Filmed by an anonymous collective, “Inside the Red Brick Wall” (Hong Kong) goes behind the headlines of Hong Kong’s 2019 demonstrations; Nantenaina Lova’s “Morning Star” (Madagascar/Reunion) offers a portrait of life on a sacred beach in south-west Madagascar; and Thomas Imbach’s “Nemesis” (Switzerland) finds its director watching Zurich’s oldest train station being bulldozed to make way for a new police station and prison. Milo Rau’s “The New Gospel” (Germany/Switzerland/Italy) shows the making of last year’s radical passion play in the southern Italian city of Matera; Yoichiro Okutani’s “Odoriko” (Japan/U.S./France) offers a rare glimpse of the shrinking world of Japanese strip clubs; and in Firouzeh Khosrovani’s “Radiograph of a Family” (Norway/Iran/Switzerland) the director weighs up the effects of the 1979 Iranian Revolution on her family.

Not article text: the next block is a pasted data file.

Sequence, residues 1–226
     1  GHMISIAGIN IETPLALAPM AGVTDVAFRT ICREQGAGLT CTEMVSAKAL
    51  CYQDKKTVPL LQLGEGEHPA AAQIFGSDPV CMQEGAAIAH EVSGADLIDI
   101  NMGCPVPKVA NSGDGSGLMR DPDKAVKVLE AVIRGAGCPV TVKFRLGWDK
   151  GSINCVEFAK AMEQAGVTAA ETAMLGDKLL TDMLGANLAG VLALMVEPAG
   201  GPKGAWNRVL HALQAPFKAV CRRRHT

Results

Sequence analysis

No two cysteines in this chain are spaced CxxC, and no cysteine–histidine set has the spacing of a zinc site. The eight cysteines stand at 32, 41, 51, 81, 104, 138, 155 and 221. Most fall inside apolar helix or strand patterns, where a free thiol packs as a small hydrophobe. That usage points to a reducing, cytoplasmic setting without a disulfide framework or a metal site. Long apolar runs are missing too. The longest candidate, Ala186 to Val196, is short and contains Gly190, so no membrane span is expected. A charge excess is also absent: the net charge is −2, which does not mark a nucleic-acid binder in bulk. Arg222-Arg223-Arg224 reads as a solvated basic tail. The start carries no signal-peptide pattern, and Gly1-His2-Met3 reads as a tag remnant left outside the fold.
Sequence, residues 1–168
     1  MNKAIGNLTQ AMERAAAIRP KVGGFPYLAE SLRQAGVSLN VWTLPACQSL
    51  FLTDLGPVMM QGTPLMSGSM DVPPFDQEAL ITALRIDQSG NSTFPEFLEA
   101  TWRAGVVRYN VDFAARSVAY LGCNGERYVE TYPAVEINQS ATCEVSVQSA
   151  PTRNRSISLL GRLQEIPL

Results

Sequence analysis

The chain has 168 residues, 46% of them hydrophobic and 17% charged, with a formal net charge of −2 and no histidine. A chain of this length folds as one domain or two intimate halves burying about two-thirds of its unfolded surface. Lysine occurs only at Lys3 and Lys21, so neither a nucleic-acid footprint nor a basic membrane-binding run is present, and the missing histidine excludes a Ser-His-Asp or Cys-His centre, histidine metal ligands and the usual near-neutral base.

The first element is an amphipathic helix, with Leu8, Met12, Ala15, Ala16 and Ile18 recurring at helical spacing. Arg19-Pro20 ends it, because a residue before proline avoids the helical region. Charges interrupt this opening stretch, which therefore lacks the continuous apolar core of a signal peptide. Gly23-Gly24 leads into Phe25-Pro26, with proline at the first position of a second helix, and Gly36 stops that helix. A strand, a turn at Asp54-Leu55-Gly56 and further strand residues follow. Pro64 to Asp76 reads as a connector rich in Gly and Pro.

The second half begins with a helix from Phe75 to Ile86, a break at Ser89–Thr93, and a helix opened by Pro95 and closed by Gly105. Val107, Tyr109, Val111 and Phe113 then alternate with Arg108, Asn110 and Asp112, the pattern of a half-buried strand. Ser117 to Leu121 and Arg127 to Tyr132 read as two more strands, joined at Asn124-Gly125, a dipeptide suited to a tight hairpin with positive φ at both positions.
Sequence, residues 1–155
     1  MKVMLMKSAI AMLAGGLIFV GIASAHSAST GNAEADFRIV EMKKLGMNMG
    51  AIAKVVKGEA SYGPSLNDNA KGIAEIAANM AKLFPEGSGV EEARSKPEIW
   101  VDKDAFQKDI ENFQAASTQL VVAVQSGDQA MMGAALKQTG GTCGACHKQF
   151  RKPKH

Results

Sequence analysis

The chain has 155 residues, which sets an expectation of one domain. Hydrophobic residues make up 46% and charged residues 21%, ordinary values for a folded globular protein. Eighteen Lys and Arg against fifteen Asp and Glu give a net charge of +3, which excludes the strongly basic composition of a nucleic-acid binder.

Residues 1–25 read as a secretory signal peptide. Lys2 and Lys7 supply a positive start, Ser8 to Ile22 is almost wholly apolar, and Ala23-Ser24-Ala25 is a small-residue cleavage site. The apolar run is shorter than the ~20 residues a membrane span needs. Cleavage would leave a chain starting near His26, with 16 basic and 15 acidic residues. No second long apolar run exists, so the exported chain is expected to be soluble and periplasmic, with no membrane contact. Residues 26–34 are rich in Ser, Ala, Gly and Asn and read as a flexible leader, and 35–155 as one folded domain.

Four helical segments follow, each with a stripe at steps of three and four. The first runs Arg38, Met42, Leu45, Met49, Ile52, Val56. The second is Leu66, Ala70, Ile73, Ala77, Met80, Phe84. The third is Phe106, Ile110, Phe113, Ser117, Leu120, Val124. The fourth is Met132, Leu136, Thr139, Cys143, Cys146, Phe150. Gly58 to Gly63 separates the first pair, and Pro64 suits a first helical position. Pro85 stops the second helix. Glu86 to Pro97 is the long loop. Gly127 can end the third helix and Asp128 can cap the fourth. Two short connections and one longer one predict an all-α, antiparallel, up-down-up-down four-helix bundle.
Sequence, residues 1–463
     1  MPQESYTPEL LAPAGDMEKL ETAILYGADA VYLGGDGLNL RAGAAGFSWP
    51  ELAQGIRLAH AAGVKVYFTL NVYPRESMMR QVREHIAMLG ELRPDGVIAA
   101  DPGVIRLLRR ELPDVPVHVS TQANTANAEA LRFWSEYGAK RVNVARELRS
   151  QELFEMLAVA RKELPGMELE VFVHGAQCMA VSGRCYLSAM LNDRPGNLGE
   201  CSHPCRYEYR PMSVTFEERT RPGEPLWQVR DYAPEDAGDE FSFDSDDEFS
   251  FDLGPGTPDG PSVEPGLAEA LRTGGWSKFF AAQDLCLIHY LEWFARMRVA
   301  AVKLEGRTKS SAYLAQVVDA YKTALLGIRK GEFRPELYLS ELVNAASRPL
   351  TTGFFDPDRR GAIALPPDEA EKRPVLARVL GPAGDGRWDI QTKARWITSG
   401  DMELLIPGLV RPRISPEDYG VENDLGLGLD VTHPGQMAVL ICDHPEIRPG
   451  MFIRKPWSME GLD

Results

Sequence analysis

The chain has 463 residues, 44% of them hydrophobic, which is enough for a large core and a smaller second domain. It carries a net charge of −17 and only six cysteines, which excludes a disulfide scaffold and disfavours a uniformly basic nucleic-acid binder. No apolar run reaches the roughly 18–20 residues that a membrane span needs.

Maria Alvarez’s “Le temps perdu” (Argentina) joins a group of elderly Marcel Proust fans at a Buenos Aires book club; Massimo D’Anolfi and Martina Parenti’s “War and Peace” (Italy/Switzerland) explores the extraordinary dynamics of the relationship between war and cinema; and Renzo Martens’ “White Cube” (Netherlands/Belgium/Democratic Republic of the Congo) sees what happens when a gallery space appears in the middle of a Congolese palm oil plantation.
IDFA Competition for First Appearance